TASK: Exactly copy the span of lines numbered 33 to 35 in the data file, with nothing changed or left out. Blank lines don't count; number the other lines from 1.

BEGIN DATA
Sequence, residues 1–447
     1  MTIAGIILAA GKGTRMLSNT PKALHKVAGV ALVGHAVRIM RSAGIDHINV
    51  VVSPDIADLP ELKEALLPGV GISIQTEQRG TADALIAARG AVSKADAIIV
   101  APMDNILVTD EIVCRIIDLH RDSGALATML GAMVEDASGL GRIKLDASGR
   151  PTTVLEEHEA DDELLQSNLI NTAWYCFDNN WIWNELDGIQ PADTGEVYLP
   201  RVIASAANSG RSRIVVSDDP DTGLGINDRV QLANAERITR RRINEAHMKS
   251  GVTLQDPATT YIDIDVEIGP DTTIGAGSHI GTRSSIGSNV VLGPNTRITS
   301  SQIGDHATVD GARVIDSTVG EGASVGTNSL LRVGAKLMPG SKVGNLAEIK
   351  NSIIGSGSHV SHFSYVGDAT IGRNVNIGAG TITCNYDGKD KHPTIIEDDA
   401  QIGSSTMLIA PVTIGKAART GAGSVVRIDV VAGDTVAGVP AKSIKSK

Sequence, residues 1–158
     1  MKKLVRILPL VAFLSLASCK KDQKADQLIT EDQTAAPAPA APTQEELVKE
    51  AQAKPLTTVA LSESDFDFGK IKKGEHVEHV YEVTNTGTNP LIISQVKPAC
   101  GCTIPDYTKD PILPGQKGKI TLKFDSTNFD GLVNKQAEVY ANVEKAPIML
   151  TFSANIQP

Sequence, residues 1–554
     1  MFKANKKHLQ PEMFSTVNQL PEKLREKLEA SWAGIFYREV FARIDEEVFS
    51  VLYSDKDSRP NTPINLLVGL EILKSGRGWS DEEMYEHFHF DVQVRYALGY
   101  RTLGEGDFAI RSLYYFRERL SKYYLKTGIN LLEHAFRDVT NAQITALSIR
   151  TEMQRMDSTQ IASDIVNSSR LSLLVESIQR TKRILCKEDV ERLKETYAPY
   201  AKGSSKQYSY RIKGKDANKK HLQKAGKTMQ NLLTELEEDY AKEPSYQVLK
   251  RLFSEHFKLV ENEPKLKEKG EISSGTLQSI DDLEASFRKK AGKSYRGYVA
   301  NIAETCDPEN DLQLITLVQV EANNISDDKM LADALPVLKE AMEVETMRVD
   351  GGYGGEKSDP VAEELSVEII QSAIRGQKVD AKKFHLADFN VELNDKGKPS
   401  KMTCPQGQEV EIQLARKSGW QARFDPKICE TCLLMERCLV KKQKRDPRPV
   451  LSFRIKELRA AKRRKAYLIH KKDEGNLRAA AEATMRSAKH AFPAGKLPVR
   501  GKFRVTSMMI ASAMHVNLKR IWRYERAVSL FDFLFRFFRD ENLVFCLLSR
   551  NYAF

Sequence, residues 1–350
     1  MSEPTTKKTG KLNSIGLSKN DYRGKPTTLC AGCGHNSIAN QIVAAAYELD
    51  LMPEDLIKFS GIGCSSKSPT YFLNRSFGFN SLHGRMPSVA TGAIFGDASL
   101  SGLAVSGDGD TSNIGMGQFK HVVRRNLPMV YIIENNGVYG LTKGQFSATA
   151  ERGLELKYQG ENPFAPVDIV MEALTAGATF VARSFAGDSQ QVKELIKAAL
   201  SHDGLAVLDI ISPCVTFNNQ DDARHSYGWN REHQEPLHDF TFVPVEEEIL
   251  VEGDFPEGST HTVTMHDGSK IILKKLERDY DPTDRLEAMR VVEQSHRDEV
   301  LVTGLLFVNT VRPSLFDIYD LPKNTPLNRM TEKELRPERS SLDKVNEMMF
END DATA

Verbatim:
   151  ERGLELKYQG ENPFAPVDIV MEALTAGATF VARSFAGDSQ QVKELIKAAL
   201  SHDGLAVLDI ISPCVTFNNQ DDARHSYGWN REHQEPLHDF TFVPVEEEIL
   251  VEGDFPEGST HTVTMHDGSK IILKKLERDY DPTDRLEAMR VVEQSHRDEV